Kilian Jornet Pre-2022 Hardrock 100 Interview

A video interview (with transcript) with Kilian Jornet before the 2022 Hardrock 100.

By on July 13, 2022 | Comments

Kilian Jornet has run the Hardrock 100 four times and has won the race four times. After a five-year absence, Kilian returns to run Hardrock again in 2022. In the following interview, Kilian talks about what brings him back to Hardrock, how his training and racing have gone this spring, and what variables will be most important in whether a fast time gets run at this year’s Hardrock.

To see who else is racing, read our in-depth 2022 Hardrock 100 preview.

Kilian Jornet Pre-2022 Hardrock 100 Interview Transcript

iRunFar: Bryon Powell of iRunFar here with Kilian Jornet before the 2022 Hardrock 100. How are you, Kilian?

Kilian Jornet: Feeling good, yes. Just arrived, so yeah, excited to be here. It’s been, I was talking now with Frosty [Anna Frost] and she said it’s been five years, and it’s, it doesn’t feel like that. It feels like it was yesterday. But yeah, five years.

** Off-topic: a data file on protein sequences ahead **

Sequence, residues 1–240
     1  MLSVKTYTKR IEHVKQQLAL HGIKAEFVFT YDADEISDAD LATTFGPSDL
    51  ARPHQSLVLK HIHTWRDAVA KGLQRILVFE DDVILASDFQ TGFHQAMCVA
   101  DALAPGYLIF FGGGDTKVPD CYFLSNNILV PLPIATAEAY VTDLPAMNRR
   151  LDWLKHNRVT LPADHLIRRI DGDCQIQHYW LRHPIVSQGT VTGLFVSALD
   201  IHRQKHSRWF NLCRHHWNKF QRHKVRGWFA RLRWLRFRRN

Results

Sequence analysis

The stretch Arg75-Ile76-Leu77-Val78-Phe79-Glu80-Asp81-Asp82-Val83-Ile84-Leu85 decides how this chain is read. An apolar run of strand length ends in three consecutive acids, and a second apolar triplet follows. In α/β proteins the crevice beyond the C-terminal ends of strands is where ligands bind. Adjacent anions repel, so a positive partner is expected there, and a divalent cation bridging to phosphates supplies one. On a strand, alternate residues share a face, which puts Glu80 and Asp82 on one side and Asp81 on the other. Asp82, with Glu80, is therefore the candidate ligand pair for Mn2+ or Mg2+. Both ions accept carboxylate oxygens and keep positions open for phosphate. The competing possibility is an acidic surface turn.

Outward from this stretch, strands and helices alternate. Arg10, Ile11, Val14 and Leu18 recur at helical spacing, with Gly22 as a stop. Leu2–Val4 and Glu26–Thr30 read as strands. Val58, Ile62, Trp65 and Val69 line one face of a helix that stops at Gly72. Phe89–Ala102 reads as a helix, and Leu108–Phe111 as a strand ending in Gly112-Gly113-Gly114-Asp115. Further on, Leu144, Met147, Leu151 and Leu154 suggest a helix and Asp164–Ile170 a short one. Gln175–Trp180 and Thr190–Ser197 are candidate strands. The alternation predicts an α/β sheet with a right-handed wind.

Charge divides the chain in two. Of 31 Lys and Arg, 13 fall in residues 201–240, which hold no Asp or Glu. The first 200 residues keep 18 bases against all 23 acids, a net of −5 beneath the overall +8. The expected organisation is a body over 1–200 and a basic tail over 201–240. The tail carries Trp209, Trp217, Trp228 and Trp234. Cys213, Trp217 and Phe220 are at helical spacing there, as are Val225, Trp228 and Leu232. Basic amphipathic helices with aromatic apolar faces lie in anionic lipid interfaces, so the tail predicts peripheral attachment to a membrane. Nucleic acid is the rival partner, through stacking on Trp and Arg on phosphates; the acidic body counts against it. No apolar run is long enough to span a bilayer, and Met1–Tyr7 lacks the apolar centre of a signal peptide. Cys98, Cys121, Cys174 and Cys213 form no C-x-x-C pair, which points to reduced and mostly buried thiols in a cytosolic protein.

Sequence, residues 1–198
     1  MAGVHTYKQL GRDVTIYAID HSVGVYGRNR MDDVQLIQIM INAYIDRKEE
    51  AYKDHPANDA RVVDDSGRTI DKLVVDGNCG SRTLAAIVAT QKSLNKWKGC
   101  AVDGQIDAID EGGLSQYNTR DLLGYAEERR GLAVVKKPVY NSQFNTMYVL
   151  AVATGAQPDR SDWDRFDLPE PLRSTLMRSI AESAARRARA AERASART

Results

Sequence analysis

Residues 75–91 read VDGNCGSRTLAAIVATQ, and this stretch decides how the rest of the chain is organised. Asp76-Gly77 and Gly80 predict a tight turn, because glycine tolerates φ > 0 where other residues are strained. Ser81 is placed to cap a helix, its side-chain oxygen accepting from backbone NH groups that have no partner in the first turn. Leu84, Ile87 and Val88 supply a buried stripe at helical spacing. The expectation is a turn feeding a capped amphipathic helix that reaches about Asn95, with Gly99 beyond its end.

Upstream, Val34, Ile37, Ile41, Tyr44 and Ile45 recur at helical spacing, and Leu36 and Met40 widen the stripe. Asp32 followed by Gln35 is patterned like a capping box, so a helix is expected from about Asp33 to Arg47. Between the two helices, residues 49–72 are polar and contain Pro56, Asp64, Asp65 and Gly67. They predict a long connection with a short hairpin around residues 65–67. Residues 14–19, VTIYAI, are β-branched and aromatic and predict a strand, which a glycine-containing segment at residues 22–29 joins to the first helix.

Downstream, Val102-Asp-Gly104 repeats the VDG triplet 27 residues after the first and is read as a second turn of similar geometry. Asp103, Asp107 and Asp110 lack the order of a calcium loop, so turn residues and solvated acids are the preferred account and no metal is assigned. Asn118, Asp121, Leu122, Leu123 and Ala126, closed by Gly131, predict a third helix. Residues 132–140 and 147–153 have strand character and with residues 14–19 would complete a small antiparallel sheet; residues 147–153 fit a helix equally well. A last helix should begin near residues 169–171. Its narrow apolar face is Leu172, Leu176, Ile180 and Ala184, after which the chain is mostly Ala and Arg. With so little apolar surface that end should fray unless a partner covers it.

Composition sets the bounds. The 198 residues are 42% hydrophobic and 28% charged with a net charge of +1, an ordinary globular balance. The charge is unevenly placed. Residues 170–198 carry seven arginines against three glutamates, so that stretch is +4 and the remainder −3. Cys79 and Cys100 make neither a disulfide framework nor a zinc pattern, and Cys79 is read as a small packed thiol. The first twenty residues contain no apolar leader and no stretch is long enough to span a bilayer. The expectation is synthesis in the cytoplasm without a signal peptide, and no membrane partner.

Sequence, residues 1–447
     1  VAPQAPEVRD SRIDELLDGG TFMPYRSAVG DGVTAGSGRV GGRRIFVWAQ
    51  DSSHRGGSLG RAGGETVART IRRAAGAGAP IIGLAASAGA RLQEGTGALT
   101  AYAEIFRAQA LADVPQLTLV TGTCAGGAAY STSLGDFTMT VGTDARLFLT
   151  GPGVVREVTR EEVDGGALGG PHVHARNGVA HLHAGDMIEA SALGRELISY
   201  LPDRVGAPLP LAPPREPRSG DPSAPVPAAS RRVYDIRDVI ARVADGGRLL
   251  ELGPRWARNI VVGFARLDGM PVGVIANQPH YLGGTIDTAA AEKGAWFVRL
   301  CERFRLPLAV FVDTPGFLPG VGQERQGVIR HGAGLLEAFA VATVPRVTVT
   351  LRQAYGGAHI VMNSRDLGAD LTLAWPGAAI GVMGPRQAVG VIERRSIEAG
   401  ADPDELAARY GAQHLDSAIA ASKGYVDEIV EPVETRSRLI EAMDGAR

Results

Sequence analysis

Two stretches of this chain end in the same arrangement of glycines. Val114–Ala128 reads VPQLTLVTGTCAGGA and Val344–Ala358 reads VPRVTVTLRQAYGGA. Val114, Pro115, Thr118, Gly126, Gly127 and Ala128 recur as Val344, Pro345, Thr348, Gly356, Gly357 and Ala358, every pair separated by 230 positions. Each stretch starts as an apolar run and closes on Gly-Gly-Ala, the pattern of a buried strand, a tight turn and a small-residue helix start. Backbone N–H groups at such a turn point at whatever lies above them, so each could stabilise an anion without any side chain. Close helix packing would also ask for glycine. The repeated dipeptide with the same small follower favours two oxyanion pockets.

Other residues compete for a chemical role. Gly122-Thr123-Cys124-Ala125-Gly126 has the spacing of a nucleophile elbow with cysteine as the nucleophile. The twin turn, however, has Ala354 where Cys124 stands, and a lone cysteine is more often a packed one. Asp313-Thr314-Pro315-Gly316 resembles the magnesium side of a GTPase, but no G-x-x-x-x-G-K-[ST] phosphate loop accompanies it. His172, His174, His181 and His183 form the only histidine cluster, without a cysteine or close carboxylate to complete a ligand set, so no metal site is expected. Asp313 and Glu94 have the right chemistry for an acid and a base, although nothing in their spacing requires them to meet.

iRunFar: You’re just coming back home, right? To one of your many.

Jornet: Yeah. Yeah, exactly.

iRunFar: So, what does bring you back? It’s been five years. You ran four years. You won four years. Different reasons made you take a break. Why are you here again?

Jornet: Well, like it’s, I would say the first time you come here it’s because the course, it has this mystique of like the altitude and technicality and like everything. And that’s what brought me here the first year, but then I think it’s more like the people and the sense of community that it has. The race, it’s unique. It’s not about the competition. It’s not about like they did race, but like everything, like the runners, all the volunteers, and the crewing people, and the atmosphere, everything together, like, it’s very special. Like it’s, I think it’s that that makes me want to come back every time. Yeah.

iRunFar: It’s interesting you mentioned that because I think I’ve talked to you a little bit about it, but also, you had a great race at Zegama this year. You set a course record by nine minutes. You’ve run the race, you won it 10 times, I think?

Jornet: Yeah.

iRunFar: So, how was that race for you?